Parents resolute on `Good Samaritan' bill
Seattle Times Olympia bureau
FEDERAL WAY - Joe and Melva Levick have a large scrapbook that overflows with newspaper clippings about her son's murder and her struggle to pass a law in his honor. This year, their family's fight to pass "the Joey Levick Bill" will fail to even get a hearing, but Melva says she won't give up.
Every year since 1996, the Levicks go to Olympia to lobby and hold rallies for passage of a "Good Samaritan" bill - one that they believe might have saved their son. Their family van routinely carries more than 100 yard signs, which the couple hand out and encourage people to display.
"We lost the most precious thing in our life," said Joe Levick, adding that he hopes their lobbying efforts will save at least one parent from going through the same pain.
In June of 1994, Joey Levick, then 21, was brutally beaten by two men and left for dead in a ditch. According to a civil suit filed by the Levicks, Joey Levick rolled over in the ditch and drowned 13 hours later. His body was found 16 to 17 hours after the beating.
Several people knew he was in the ditch, prosecutors said, some of them leaving and returning more than once.
Medical examiners said later that Levick could have been saved if he had had immediate medical attention, but none of the witnesses called for help.
Jason Twyman was sentenced to 25 years in prison for second-degree murder and Jason Soler, after getting a new trial, pleaded guilty to first-degree manslaughter and received a 10-year sentence.
At the trial, the Levicks found out about the other witnesses - at least six, they said - who knew Joey was lying in the ditch. Sympathetic jurors wrote letters to the Levicks later, saying that they, too, were surprised the other witnesses broke no law by not alerting authorities.
"The prosecutor said there was nothing they could do" to hold other witnesses accountable, Joe Levick said.
In February of 1996, the Levicks began the long process of getting a bill through the Legislature.
Originally introduced by former Rep. Tim Hickel, R-Federal Way, the proposal would make "failing to give reasonable assistance" to someone who has suffered "substantial bodily harm" a misdemeanor, punishable by up to 90 days in jail and/or a $1,000 fine.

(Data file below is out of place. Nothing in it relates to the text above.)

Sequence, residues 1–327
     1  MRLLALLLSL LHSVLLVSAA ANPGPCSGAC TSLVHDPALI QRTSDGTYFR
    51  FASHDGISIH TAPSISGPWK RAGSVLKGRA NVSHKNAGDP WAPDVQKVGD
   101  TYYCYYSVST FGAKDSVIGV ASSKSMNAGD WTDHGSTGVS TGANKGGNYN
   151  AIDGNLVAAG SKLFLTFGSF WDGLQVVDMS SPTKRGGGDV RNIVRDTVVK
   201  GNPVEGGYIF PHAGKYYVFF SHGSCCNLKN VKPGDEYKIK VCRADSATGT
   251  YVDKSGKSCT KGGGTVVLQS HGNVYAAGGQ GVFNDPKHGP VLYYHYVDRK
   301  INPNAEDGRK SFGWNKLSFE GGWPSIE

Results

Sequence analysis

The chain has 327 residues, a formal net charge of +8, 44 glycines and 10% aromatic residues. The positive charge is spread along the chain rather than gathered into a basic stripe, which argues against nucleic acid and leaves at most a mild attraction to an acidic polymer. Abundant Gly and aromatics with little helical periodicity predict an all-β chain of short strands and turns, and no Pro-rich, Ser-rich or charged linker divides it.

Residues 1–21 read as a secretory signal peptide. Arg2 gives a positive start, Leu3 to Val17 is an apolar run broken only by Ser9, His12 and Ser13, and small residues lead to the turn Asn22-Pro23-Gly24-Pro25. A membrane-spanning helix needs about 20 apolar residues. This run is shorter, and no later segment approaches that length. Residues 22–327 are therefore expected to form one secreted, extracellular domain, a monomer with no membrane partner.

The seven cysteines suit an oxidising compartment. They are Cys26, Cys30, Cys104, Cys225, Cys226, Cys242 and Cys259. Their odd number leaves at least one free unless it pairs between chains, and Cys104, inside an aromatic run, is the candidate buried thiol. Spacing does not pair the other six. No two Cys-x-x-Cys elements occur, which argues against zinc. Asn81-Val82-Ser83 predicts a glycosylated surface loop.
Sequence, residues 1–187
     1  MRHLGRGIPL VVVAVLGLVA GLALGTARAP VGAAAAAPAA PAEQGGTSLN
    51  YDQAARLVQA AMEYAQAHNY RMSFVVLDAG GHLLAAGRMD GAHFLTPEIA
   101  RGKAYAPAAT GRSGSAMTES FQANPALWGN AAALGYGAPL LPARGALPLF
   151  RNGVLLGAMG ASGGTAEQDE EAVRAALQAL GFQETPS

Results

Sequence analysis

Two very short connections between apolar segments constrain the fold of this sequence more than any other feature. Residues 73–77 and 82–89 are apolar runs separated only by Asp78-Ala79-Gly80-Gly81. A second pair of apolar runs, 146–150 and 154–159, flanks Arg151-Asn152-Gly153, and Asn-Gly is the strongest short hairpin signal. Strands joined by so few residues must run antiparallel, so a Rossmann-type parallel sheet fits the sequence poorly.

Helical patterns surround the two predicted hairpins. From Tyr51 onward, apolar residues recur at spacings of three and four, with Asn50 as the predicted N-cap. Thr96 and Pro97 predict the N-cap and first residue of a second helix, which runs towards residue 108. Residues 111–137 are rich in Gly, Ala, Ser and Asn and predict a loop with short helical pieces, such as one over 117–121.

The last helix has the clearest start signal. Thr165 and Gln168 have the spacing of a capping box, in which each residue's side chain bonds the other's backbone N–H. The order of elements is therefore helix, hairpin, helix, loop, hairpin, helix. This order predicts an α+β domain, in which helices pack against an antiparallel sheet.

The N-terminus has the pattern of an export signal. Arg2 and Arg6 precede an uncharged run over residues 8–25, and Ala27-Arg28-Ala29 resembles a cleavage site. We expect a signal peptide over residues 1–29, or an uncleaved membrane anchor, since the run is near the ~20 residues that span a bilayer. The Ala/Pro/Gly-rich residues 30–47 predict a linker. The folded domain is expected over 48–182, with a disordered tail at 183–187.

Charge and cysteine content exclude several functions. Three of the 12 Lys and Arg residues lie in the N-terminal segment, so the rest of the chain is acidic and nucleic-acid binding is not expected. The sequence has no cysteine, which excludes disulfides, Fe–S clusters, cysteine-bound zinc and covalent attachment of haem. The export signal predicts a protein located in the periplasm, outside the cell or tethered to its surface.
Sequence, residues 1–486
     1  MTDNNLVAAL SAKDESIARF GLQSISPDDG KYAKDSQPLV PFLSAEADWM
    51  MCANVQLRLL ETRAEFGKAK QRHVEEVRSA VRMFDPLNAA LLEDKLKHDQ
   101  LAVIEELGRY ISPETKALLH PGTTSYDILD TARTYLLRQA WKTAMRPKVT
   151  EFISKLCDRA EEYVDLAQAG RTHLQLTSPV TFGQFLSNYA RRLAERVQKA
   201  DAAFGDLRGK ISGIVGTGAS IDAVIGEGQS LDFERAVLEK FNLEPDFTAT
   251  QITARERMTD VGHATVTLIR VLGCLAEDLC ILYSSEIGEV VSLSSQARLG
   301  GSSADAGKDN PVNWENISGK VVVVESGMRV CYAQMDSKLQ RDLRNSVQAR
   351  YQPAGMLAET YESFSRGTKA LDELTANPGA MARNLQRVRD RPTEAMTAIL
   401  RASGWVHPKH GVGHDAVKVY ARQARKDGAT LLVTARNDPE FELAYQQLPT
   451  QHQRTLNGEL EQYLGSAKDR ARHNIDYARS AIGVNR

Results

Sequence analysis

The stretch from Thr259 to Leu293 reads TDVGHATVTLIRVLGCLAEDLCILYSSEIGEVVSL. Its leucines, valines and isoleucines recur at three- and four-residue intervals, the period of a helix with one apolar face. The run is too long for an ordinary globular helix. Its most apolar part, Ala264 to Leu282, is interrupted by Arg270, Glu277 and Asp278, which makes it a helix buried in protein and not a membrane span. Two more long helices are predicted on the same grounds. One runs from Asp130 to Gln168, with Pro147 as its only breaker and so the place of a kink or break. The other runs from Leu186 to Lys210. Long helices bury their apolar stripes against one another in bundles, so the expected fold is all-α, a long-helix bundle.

The bill passed the House of Representatives in 1997 and '98, but died in the Senate both years. Since then, however, it's failed to make it through the House. Introduced again in the 1999 session, the bill did not get a hearing.
"I'll keep on this and it will pass," said Rep. Mark Miloscia, D-Federal Way. Miloscia, is the primary sponsor of House Bill 1429. He thinks it's only a matter of time before the Joey Levick Bill becomes law.
But Rep. Ida Ballasiotes, co-chairwoman of the House Criminal Justice and Corrections committee, said that while she has backed the bill in the past and sympathizes with the Levicks' fight, there isn't enough support in the Legislature.
"(The bill) just wasn't one of the top issues in the short session," said Ballasiotes, a Republican from Mercer Island whose own daughter's violent death inspired Ballasiotes' entry into politics.
Bills named after individual victims are often introduced to close perceived loopholes in the law. The "Whitney Graves" bill, for example, which would hold gun owners accountable for safe storage of their handguns, has drawn considerable media attention. The bill is named for an 8-year-old Marysville girl who died when a playmate found a loaded gun and fired it at her.
Ballasiotes said much of the opposition to the Joey Levick Bill comes from lawmakers who don't think the state should try to legislate how people behave. Some, she said, believe there's just no way to enforce the Levick measure.
Critics have gone on record in the past saying that citizens may be reluctant to get involved for fear their actions may not be seen as "reasonable assistance."
But supporters say there's no harm in asking citizens to help.
Dan Satterburg, chief of staff for King County Prosecutor Norm Maleng, said the proposed law isn't asking people to jump in and stop a fight or put their own lives in danger, but to notify authorities when they know of or witness an assault.
Satterburg noted that other laws already require people to notify authorities in cases of child abuse, and that citizens aid the police or fire department if their help is requested.
The Levicks have gained widespread public support and attention to their cause. They have appeared on major news programs and afternoon talk shows - their next booking: Oprah Winfrey, to talk about how life-changing events motivate people to pass legislation.
They also have circulated petitions statewide and garnered an astonishing 400,000 signatures in support of their bill - about twice the number needed for a ballot initiative. But the couple haven't thought about taking their proposal to voters. That, they say, would be too expensive.
Instead, the Levicks plan to continue to fight for passage of the "Joey Levick Bill" in Olympia, year after year, again and again.
"I'm not stopping," said Melva Levick. "They'll get sick of me and they'll pass it."
Justin Hopkins' phone message number is 206-878-3337.
Copyright (c) 2000 Seattle Times Company, All Rights Reserved.